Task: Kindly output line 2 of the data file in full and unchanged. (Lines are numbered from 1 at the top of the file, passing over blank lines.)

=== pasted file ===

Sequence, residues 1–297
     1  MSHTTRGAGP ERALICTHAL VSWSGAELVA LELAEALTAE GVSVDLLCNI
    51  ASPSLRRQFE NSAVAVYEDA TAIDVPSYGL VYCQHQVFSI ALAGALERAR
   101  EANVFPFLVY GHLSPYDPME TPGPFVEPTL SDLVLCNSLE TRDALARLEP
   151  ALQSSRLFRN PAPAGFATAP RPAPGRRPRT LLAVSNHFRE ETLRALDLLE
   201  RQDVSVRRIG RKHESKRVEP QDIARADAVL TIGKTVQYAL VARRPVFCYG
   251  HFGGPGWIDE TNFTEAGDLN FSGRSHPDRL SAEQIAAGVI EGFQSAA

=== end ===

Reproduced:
     1  MSHTTRGAGP ERALICTHAL VSWSGAELVA LELAEALTAE GVSVDLLCNI